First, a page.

Making this inward shift from possessing to receiving invites us to think more about what we believe we need to survive.- not just food or clothing but also about the inner resources we need to cope with bereavement, loss or unexpected failure. Living in the way of poverty is an act of trust in which we believe that we will be given the resources to cope with life and respond creatively to it.
These inner resources aren’t ours to possess or hoard; God makes them available to us as we need them. So these inner resources- the ability to let go when a loved one has died, or a love affair ended, to respond positively to distressing news about our health, not taking it out on colleagues when we have too much to do and can’t see a way of getting it done- these resources aren’t ours to boast about or possess.
Most of us mostly operate with the assumption that we own our lives; our intellects, our bodies, our successes and failures are our own. All these belong to us and are ours to use as we choose. But this freedom potentially brings with a burden; that of needing to prove that what we own, who we are, is of value.
It is as if our lives were a bank account running on a profit or loss basis. Accordingly success brings us into credit, failure into debt. We are likely to see our success as a possession which we can display to others. On the other hand past failures can feel like a debt hanging over us.
The result of this profit/loss view of ourselves is that we relate in very particular ways to our past and our future. Where we have enjoyed success in the past we can find ourselves wishing to keep this success alive in the present. We all know the annoying person who brags about past achievements but who relates only superficially to the present.
Past failures can leave us feeling constrained, dwelling in a debtor’s prison, focused on the future as time when we can build up sufficient credit to get us out of our debt.
Whether living with success or failure our relationship to the present, our freedom to receive what it has to give us, is severely compromised. The present is rendered bankrupt.
This is what Jesus is getting at when he tells the parable of the rich man. The rich man is seeking reassurance in the present by making plans for the future; in doing so he has lost sight of today’s reality.
Worrying about the future means we deny ourselves the role of receiving God’s mercy. Jesus says ‘Do not be afraid, little flock, for it is your Father’s good pleasure to give you the kingdom.’
So poverty requires us to make an internal shift; away from possessing to receiving life as it is, with the resources God gives us day by day.
In this spirit of receiving we give up the freedom to choose. This is where our conversion towards receiving life as it is brings us face-to face with the ultimate reality- we don’t choose who we are. Contemporary culture might tell us otherwise; that I am free to reinvent myself through making different choices, but these are often only superficial changes. Maturity comes in accepting who I am and knowing that God delights in my very being. Our modern emphasis on the freedom to choose perhaps comes at the cost of our freedom to receive; to receive the greatest of all gifts; God’s gift of himself in Jesus Christ.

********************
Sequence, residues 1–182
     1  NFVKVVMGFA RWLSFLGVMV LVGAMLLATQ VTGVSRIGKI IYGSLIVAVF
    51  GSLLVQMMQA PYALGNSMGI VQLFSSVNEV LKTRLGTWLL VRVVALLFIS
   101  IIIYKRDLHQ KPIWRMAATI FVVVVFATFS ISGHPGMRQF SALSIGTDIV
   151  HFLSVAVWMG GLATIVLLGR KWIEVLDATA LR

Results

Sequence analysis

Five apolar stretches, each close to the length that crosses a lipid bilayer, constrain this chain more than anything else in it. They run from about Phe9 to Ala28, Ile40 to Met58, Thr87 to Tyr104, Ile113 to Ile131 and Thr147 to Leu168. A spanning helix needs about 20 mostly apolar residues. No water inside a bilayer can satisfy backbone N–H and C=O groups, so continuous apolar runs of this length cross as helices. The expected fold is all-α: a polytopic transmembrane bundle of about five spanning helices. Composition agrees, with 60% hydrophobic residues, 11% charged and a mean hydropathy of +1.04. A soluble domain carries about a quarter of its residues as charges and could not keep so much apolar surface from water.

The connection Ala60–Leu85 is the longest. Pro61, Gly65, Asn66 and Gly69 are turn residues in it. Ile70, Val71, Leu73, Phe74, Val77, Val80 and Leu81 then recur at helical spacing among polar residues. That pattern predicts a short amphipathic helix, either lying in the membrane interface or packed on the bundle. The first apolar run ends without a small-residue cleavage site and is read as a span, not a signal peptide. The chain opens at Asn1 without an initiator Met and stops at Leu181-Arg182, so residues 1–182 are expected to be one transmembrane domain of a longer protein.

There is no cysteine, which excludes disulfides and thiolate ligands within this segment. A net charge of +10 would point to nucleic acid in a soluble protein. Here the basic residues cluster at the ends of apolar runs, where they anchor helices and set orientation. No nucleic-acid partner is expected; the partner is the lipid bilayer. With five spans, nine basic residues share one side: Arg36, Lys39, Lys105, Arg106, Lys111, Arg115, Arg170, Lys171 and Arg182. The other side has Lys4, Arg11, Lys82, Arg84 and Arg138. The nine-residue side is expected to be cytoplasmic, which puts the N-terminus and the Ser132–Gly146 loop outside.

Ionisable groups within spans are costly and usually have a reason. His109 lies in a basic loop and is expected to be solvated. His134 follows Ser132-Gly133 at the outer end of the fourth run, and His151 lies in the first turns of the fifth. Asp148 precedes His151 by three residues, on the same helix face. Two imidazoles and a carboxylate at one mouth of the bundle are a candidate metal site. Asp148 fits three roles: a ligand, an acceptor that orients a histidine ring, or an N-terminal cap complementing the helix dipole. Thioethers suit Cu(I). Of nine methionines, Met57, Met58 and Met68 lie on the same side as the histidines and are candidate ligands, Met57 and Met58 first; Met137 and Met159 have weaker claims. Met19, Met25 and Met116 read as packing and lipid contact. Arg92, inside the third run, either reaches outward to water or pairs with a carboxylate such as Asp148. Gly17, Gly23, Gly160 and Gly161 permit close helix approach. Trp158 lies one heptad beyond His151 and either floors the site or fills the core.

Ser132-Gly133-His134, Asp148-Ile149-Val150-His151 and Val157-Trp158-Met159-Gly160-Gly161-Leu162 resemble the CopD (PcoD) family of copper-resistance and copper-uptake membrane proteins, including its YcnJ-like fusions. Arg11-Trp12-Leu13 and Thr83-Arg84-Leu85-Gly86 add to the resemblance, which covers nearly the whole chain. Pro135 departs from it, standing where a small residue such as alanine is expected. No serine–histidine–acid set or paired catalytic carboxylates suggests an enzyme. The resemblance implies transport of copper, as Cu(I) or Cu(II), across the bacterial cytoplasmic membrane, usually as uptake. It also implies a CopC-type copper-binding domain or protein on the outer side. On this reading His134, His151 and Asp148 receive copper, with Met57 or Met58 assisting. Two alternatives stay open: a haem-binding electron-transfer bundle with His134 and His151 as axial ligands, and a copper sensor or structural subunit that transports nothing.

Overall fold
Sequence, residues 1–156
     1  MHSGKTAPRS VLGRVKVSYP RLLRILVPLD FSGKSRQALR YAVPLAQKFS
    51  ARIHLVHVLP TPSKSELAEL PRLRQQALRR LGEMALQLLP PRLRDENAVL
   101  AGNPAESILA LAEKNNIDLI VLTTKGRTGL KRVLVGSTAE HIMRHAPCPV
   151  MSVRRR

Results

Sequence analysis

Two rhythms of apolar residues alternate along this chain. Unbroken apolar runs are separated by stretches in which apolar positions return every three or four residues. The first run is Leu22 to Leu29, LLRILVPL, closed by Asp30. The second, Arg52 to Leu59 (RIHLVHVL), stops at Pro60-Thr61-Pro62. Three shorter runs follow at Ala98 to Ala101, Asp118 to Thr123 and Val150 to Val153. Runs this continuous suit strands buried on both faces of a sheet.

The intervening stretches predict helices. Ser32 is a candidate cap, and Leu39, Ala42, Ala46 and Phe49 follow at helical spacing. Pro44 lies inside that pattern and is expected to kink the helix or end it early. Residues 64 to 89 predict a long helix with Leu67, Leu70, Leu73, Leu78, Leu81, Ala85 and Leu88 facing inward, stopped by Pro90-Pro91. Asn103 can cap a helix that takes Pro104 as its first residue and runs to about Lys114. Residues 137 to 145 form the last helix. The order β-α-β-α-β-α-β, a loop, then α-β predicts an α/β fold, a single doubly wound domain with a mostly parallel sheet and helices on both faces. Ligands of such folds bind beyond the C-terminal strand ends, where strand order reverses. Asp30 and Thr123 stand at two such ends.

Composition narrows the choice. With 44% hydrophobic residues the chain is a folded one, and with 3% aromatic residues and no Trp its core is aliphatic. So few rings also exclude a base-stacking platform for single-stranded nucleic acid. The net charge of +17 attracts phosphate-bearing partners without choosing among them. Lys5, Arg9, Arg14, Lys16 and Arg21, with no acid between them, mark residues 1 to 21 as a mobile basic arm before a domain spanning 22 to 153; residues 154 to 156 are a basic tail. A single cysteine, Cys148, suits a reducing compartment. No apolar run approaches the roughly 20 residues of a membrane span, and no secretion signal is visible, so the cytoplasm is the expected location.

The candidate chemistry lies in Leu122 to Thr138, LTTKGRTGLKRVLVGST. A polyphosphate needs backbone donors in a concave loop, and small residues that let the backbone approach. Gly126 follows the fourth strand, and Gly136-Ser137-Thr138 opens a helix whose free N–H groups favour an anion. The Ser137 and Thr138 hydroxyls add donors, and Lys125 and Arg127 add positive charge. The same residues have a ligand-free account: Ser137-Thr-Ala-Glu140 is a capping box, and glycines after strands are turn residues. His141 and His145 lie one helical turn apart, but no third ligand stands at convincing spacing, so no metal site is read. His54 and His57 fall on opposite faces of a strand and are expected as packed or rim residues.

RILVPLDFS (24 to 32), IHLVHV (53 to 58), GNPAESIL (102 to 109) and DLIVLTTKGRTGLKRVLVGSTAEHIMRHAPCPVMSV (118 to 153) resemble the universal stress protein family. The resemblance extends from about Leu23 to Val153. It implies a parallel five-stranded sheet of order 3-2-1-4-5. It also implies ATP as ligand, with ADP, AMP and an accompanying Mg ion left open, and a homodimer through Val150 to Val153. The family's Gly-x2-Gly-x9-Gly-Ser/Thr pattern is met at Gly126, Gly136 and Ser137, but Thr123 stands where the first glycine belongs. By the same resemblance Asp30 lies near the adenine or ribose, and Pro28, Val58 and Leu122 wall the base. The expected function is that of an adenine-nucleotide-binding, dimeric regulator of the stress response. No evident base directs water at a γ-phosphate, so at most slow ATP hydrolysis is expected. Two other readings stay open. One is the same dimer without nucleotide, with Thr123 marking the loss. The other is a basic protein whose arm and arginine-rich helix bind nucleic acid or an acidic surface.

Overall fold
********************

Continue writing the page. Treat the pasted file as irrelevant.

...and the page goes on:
Most of us associate chastity with not doing something that we’d like to do; with not having sex outside marriage or not having sex at all. Whilst chastity can and should inform our sexual behaviour chastity, properly understood, has much wider implications.
Chastity comes from the word ‘pure’ – because sex is a bodily act it is often seen as less than pure. In contrast intellect and emotions are not bodily and are associated with the mind or soul. So they can automatically be put on a higher plane, and fall more easily into the category of pure. Chastity as a virtue applies to sex, so the thinking goes, but not to other types of behaviour.
But pure and chaste are terms that can be applied to many different aspects of being human. I can have purity of will or mind; which might mean I have the capacity to discern what is true and on the other hand, what is unreal, what is false.
Emotional chastity consists of discovering your own genuine feelings and honouring these in the light of opposite but more transitory feelings. We see this sort of emotional chastity in good parents; parents who, however exasperating or difficult their children are, do not allow these temporary states to affect the deep love they have for their children. On the other hand a lack of emotional chastity means we are at the mercy of whatever passing emotion comes along. Our culture is inclined to honour strong emotion without discerning how stable or long-lasting these strong emotions are. Put crudely ‘being in love’ can be a reason for getting married, ‘falling out of love’ can be a reason for leaving a marriage. The result is that I lurch between one relationship and another and am left unsatisfied and frustrated.
Being emotionally chaste gives us a stability and singleness of purpose which is liberating. So Ruth is able to say to her mother-in-law ‘Where you go, I will go; where you lodge, I will lodge; your people shall be my people, and your God my God.’ Ruth is able to follow through on these promises because they are real and lasting.
We now live in a society where the line between what is real and what is fantasy has become blurred; where participants in reality programmes are often hopelessly manipulated for the entertainment of viewers. We are subject to more and more images of people who are not like us but sensationalised or sexualised versions of us. The danger lies in believing we are supposed to become like the image. It requires an emotional and intellectual chastity to discern which images are real and honour our humanity.